- I don't know to what extent this version is true, but Samvel Babayan, allegedly, is setting the stage for Robert Kocharian's "return" to Artsakh:
I heard about this version. But I do not think that it is true. Samvel Babayan sets the stage exclusively for his own return to power. And the only question that Samvel Babayan needs to ask is what he intends to do with this very authority afterwards, having already come to power? Because the first thing he intends to do is imprison the oligarchs who have plundered Artsakh over the past two decades and return all the loot. He declares this quite openly and most of the people support him in this intention. This is one of the main topics that allows Babayan to have his own electorate. And what will Samvel Babayan do, having put the former power behind bars and returning the loot - a question that needs to be asked by Babayan himself.
To date, there are only two candidates for the presidency of Artsakh, the participation of one of which is still in question?
Yes. Samvel Babayan's participation is indeed in question. There was Vitaliy Balasanyan, but the incorrect organization of the election campaign, the incorrect statement of his own position led to the fact that today we can't talk about Balasanyan as a real candidate. Thus, in elections, forces either representing the past or from the past clash with an incomprehensible attitude to the future. That is why many would like to see a third candidate who would look to the future.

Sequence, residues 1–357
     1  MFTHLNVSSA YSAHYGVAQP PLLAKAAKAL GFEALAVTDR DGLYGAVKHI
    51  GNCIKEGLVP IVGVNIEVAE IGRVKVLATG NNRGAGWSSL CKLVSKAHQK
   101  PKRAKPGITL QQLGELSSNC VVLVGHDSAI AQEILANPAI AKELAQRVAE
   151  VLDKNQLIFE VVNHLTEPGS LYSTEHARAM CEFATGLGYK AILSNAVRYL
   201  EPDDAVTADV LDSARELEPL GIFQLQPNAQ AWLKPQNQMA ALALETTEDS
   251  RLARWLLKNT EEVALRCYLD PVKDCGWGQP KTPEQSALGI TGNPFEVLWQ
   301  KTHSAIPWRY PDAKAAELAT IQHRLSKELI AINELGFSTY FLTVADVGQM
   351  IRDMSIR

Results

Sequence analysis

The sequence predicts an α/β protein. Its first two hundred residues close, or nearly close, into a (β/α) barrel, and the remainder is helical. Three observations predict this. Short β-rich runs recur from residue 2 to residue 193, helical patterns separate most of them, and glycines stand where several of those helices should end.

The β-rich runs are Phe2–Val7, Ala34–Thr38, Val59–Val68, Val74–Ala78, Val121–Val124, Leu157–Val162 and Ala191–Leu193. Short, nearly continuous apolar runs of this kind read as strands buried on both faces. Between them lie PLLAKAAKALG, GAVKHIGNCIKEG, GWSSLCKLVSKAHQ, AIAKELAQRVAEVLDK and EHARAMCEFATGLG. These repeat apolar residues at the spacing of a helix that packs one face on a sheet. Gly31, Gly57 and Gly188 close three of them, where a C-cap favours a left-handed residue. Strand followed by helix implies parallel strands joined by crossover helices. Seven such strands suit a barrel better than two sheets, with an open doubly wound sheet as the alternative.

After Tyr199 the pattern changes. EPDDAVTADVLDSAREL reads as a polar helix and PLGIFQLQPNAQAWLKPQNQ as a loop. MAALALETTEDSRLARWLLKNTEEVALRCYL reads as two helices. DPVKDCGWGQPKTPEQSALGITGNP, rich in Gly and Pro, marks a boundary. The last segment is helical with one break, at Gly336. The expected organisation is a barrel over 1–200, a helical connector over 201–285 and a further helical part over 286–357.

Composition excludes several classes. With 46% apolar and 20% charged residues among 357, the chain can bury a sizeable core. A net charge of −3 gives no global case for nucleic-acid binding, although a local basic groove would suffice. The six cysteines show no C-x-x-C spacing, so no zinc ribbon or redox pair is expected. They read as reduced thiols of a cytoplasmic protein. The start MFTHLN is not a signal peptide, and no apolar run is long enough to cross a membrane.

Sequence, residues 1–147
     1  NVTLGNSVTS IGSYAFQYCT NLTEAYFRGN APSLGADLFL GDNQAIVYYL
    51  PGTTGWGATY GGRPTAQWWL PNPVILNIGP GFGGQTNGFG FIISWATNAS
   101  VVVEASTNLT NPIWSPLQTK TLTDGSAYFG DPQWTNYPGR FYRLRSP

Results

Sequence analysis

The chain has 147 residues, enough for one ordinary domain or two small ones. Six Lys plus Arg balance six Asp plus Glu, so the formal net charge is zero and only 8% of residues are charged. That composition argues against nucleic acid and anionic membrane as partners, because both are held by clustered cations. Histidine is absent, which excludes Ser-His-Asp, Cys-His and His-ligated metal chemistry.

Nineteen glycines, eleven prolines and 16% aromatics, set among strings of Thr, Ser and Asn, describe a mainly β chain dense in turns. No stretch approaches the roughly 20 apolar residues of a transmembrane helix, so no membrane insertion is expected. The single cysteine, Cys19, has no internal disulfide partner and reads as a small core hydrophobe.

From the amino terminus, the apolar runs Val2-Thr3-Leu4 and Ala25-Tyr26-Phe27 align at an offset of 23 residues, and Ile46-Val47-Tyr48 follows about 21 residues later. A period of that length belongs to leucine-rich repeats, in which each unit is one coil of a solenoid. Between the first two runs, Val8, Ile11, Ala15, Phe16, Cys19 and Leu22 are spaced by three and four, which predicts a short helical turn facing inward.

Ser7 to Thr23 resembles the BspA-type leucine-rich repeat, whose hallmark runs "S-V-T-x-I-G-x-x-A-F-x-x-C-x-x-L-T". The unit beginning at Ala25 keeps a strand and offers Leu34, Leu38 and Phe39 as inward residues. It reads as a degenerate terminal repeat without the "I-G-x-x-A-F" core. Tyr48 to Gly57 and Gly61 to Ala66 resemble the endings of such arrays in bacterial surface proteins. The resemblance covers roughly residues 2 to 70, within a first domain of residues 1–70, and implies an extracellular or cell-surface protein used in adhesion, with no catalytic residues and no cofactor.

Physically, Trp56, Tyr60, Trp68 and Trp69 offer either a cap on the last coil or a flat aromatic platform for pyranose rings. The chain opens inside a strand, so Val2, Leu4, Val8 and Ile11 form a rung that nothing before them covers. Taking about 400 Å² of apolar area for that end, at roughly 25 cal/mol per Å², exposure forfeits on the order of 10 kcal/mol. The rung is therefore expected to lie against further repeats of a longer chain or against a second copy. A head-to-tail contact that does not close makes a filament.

- The recent visit to Artsakh by "comrades from Moscow" Kolerov and Tarasov seemed to be directed against the ideas of the miatsum (association). Does this bother you?
I am worried when the Armenian media pay attention to individuals who are marginalized in Russia itself. They are marginalized both in Armenia and Artsakh. Accordingly, do not pay attention to what they say. These comrades represent the interests of a fairly narrow circle of people in Russia and certainly not the Kremlin. To spend energy in order to figure out who Kolerov or Tarasov are working for, for us Armenians, I think, is a waste of time. I assess the reaction to the visit of these people to Artsakh as too exalted. They simply should not be noticed. That would be the best solution for us. In its desire to reproduce itself, power in Artsakh is trying to grab hold of any straw. Kolerov helps them in solving this problem, they will meet with Kolerov, Vasya Pupkin will help them to solve it, they will meet with Vasya Pupkin.